World’s Fastest Bird Speeds Toward Protection
"The restoration of the peregrine falcon in New Jersey marks an important conservation milestone and is one of the first success stories attributed to New Jersey’s Endangered Species Conservation Act," said DEP Commissioner Bradley M. Campbell. "Even with this success, our work to manage the peregrine population and monitor for the potential effects of environmental contaminants cannot wane."
The breeding pair of falcons that produced the chicks were first spotted several years ago by two building managers at the LCOR building at 101 Hudson Street in Jersey City. Standing at a height of 592 feet, the 42-story building is the second highest in New Jersey. The four chicks reside in a three-sided nest box that was placed on the roof of the building in 2001. The chicks can walk but are not yet able to fly. This hatching is the fourth successful falcon breeding to occur at this location.
Individually identifying each bird through banding helps the Department in its study of the birds migration habits, behavior, life span, survival rate, reproductive success and population growth.
Peregrines historically bred in New Jersey on cliffs along the Hudson and Delaware rivers, but were wiped out in the East primarily due to pesticide contamination.
Starting in the late 1970s, biologists from DEP’s Division of Fish and Wildlife released young peregrines into the wild. The first successfully re-established peregrine nest in the East produced chicks in 1980 at Edwin B. Forsythe National Wildlife Refuge in Atlantic County, New Jersey. By 1986, 10 pairs were nesting in New Jersey and the population now remains stable at about 18 pairs.
The peregrine falcon was removed from the federal endangered species list in 1999. They continue to be listed as endangered in New Jersey because they remain threatened by contaminants and human disturbance, and they rely on active management of their nesting sites.
The peregrine falcon is the largest falcon in New Jersey and the world’s fastest bird. In a dive, peregrines can reach speeds of 200 miles per hour and take their prey (other birds) in mid air.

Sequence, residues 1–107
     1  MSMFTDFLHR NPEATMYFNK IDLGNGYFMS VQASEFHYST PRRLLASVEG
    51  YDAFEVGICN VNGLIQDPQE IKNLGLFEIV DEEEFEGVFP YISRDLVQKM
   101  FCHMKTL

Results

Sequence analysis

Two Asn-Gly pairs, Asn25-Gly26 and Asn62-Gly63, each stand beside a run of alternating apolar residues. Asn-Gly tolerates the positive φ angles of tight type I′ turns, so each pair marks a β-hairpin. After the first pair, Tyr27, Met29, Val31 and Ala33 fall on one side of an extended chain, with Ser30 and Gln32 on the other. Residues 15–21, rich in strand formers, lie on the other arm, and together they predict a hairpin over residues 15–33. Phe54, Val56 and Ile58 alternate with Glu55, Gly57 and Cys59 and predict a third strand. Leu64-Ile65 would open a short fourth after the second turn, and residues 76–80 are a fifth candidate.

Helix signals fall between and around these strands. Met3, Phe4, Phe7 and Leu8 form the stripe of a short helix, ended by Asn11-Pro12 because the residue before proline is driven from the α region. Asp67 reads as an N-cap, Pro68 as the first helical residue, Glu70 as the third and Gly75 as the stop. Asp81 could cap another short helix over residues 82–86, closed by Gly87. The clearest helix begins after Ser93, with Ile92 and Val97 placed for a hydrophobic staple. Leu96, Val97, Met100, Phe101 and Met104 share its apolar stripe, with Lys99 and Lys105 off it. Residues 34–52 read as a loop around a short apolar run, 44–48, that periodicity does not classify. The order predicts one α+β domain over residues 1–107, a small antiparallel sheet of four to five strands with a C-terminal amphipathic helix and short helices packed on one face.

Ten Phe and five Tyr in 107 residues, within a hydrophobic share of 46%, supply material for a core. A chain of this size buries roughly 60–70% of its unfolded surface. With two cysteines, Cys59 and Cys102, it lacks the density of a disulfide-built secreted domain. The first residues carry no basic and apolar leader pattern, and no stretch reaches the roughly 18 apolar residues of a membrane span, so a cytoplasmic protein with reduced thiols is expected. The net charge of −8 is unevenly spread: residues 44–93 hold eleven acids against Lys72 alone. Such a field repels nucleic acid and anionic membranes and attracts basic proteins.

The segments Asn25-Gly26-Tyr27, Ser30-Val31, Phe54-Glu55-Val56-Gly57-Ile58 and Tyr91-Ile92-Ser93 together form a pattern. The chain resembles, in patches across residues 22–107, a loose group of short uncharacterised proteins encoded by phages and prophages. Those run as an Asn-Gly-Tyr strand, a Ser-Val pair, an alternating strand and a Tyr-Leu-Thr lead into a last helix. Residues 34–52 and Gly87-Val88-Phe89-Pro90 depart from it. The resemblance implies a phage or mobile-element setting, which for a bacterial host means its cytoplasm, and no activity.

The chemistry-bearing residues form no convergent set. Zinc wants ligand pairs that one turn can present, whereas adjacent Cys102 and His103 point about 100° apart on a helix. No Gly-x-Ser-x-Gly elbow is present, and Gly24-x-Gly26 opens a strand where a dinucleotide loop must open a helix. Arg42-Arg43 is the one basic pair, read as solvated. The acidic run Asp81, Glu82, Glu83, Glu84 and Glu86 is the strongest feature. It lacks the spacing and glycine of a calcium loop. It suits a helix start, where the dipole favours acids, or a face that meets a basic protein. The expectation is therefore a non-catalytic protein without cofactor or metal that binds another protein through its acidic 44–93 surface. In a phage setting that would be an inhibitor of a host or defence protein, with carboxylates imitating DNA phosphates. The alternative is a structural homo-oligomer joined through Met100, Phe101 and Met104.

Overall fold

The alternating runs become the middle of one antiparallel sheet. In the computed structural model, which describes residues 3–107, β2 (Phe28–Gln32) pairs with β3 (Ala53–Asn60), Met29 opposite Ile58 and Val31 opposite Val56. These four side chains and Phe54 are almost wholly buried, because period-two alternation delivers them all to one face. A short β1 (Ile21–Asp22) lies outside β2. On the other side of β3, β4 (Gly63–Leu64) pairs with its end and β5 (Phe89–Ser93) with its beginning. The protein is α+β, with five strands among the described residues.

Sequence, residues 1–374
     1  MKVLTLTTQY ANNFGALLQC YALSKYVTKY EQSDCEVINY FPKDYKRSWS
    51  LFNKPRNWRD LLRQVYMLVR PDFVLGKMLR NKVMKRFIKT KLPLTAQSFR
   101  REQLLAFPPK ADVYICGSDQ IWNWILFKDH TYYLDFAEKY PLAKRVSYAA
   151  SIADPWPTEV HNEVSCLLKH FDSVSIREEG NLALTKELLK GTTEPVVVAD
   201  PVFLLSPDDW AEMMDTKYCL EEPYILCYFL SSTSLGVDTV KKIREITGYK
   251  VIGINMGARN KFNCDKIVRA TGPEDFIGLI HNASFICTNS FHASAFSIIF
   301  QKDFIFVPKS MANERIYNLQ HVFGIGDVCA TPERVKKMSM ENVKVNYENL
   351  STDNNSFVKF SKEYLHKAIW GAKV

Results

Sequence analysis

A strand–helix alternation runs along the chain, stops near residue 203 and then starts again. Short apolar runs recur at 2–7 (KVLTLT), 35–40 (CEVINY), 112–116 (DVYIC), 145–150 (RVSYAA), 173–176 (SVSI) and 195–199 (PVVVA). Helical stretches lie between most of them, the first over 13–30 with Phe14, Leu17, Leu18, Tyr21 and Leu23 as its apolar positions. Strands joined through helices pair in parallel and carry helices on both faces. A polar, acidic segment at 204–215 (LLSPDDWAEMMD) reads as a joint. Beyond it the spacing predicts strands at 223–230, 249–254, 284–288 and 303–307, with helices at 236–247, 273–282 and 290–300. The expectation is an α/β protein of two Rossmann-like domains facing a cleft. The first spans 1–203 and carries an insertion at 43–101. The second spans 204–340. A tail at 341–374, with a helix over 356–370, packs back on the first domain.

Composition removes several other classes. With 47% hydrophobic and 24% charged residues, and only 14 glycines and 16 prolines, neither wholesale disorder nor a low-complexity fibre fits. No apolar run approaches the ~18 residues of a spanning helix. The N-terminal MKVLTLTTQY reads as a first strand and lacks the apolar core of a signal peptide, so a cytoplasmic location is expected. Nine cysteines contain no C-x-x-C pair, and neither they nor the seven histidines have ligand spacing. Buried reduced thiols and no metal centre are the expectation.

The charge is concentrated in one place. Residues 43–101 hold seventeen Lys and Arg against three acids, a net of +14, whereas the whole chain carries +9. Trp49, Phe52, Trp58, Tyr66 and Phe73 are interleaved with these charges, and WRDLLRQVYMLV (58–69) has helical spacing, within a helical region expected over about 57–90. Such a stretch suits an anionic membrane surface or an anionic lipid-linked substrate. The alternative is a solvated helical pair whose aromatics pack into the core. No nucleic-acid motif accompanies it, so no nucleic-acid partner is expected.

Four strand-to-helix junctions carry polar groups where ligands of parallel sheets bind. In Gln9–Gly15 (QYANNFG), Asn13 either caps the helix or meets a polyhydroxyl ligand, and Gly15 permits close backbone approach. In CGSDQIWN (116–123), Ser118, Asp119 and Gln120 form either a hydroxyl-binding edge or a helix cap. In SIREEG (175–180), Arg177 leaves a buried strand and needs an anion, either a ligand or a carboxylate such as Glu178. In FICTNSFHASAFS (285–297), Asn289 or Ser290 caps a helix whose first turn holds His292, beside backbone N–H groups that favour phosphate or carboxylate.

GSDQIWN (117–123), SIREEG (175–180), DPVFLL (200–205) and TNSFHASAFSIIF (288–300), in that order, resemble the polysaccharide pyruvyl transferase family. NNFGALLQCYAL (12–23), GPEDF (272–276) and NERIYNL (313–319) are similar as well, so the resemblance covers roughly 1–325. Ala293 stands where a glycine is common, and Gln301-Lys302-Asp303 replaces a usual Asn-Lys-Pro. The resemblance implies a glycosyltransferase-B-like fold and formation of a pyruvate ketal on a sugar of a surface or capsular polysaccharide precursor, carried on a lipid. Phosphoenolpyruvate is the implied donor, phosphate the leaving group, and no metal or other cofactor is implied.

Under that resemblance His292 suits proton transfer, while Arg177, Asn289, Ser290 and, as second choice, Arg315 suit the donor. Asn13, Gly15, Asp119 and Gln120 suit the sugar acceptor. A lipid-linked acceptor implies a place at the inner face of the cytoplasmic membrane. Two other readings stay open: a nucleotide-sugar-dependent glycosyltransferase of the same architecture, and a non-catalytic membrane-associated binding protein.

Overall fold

A grant from the Verizon Foundation in 2001 enabled the Department to install a webcam, providing an educational connection for the people of New Jersey and around the world to view the daily behavior of the peregrine falcons.
In addition to the webcam, a monitor display in the lobby of 101 Hudson Street provides employees and visitors with a "live cam" view of the birds as well as background on peregrines and the successful efforts to restore them in New Jersey.
After the banding is completed, second graders from the Cornelia F. Bradford School in Jersey City will have an opportunity to see one of the falcon chicks up close. The students are participants in Project Peregrine, a hands-on educational program using the peregrine falcon as its focus to teach reading, writing, science and geography. The Peregrine Project is part of a larger joint effort by DEP, the Conserve Wildlife Foundation of New Jersey and the Verizon Foundation to raise awareness about this endangered raptor.
To see a live video feed of the peregrine falcon chicks, visit the Department’s website at: http://www.nj.gov/dep/fgw/peregrinecam/index.html
May 26, 2004
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